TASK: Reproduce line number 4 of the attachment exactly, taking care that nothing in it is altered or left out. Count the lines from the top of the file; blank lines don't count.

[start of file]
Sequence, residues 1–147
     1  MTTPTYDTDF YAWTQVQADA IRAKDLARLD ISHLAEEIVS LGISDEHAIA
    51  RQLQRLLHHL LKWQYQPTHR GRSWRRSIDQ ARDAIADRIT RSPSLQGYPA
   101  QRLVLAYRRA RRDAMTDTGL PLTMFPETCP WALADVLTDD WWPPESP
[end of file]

   101  QRLVLAYRRA RRDAMTDTGL PLTMFPETCP WALADVLTDD WWPPESP